In the mid-1970’s, Bernard King and Ernie Grunfeld were two of the biggest names in college basketball. Known as “The Bernie and Ernie Show,” the University of Tennessee’s dynamic duo averaged 50 points a game on their way to the cover of Sports Illustrated. But behind closed doors, their experiences were vastly different.
Bernie and Ernie, directed by Jason Hehir (The Fab Five) and narrated by Public Enemy rapper Chuck D, tells the story behind one of basketball’s most unforgettable tandems, and an unbreakable bond that remains to this day. Bernie and Ernie premieres tonight (8 p.m. ET, ESPN) and will be the final documentary of the fall slate of 30 for 30 films. Hehir tells Front Row why he was moved to make this film.
You also directed the popular documentary The Fab Five for ESPN Films. Did you notice any similarities between their friendships and the bond between King and Grunfeld?
In the fishbowl of big time college athletics, the bonds are a bit stronger because of the common pressures. [Current ESPN analyst and former Michigan Wolverines star] Jalen Rose lending a coat to Texan [and teammate] Ray Jackson during a harsh Michigan snowstorm; Jimmy King holding Chris Webber up in the huddle after the infamous 1993 timeout; those kinds of moments define what it means to be a teammate and a friend to guys under a unique set of social, athletic and academic pressures. Couple with that Bernard and Ernie’s common geographic background and their chemistry on the court, it’s no wonder that they formed such a strong connection.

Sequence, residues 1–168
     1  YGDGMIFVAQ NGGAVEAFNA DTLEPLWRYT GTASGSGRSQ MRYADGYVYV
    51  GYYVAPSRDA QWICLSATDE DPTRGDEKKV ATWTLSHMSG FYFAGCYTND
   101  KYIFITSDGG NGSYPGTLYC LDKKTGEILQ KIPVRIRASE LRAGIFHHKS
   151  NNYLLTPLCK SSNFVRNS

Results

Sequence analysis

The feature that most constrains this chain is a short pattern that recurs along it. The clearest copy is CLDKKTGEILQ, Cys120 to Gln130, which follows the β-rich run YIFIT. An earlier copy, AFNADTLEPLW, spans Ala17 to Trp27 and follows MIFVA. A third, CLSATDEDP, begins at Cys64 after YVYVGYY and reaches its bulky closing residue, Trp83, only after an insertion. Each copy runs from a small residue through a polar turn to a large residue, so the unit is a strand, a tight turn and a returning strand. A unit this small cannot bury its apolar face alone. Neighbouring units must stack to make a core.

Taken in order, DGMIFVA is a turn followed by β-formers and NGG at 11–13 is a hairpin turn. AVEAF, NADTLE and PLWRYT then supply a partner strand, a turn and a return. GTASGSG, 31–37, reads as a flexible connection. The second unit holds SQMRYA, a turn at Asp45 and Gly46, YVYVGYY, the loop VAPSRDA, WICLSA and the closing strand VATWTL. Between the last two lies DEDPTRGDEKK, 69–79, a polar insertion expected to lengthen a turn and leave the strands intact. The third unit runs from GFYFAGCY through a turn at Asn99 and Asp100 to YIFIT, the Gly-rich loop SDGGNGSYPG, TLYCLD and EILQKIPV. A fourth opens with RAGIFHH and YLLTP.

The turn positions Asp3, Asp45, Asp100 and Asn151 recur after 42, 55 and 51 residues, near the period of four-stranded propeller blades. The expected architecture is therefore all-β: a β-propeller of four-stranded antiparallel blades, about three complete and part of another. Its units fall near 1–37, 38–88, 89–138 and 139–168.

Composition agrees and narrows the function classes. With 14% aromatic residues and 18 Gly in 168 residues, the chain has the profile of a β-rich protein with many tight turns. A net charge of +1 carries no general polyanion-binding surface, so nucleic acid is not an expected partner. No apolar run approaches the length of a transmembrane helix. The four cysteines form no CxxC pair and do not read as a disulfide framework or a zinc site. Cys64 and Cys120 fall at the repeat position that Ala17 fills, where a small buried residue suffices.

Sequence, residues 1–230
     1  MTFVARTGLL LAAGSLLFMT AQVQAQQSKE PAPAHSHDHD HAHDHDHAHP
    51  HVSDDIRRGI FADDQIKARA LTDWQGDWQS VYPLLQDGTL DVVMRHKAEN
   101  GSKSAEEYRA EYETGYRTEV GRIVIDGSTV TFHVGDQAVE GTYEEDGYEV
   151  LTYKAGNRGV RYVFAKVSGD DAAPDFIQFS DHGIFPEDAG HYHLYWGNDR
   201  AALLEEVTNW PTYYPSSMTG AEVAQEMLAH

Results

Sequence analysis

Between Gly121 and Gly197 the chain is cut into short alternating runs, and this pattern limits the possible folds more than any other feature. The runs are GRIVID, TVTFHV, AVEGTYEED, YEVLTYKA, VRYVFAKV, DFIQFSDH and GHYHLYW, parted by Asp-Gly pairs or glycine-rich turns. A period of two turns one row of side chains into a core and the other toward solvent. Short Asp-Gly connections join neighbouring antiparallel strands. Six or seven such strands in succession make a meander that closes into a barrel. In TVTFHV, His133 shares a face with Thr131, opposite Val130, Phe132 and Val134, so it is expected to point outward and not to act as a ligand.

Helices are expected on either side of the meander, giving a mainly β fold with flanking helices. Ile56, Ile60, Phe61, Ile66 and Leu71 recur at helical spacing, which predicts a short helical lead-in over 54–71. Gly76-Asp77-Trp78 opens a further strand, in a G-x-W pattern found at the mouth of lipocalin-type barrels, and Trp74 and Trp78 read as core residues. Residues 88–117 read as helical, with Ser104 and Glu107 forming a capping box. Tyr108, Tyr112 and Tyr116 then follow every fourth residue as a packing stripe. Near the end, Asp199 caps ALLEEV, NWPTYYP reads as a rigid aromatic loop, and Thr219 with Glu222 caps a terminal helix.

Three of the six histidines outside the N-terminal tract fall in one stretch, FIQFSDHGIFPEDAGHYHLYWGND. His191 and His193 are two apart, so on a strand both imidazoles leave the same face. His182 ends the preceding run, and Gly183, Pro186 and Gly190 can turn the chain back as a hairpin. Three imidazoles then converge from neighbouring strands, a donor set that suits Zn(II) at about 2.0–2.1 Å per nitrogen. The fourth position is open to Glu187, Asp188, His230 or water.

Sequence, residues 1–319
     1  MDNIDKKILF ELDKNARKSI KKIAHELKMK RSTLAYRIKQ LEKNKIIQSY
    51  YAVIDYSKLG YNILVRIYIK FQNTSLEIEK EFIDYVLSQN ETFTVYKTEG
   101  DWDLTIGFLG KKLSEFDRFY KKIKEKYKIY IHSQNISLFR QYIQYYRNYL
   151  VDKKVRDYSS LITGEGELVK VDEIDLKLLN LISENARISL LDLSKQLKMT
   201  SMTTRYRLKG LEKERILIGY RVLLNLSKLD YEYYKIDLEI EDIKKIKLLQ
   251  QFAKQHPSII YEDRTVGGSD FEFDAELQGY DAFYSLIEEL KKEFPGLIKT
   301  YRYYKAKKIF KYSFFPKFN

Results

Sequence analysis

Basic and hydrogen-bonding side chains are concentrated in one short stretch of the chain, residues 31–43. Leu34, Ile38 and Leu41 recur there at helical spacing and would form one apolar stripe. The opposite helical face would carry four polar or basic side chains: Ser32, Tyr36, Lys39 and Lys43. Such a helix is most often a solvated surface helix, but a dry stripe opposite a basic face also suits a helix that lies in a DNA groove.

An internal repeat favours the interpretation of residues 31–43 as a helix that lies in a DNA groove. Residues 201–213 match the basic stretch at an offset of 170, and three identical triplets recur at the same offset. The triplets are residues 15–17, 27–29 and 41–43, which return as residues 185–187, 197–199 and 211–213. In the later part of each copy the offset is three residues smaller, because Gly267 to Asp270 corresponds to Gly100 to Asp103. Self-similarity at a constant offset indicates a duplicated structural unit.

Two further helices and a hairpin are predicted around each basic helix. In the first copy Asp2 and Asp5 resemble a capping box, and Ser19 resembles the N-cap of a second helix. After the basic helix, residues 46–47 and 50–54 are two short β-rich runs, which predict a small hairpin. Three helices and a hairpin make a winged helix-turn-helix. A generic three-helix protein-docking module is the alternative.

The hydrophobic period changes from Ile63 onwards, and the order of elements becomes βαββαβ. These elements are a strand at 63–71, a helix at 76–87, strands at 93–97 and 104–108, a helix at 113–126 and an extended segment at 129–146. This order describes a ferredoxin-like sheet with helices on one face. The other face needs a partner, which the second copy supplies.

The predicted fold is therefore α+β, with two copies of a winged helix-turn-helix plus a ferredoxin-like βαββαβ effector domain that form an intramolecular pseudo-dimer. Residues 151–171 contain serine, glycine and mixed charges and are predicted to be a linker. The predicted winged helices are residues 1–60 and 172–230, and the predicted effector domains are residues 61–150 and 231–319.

What did you find most interesting about their relationship?
Their friendship was born out of their unselfishness, their will to win, and the intense brand of basketball they brought to Knoxville from the playgrounds of Brooklyn and Queens. Socially, they were polar opposites. But as New Yorkers far from home at a Southern school, they gravitated toward each other on and off the court to form a bond that remains intact almost 40 years later.
When it comes to dynamic duos in sports, Bernard and Ernie seem pretty high on the list of greats. Do you have other favorite dynamic duos?
As a lifelong Boston fan, I’d love the chance to go back and watch [former Celtics Bill] Russell and [Bob] Cousy play, but watching the two Big 3’s of [former Celtics Larry] Bird/[Kevin] McHale/[Robert] Parish and [Paul] Pierce/[Kevin] Garnett/[Ray] Allen was great too. These days, my favorite duo is the thrilling touch-football combo of Bryan and Dylan Hehir, my nephews. Watch for them on ESPN in the year 2033.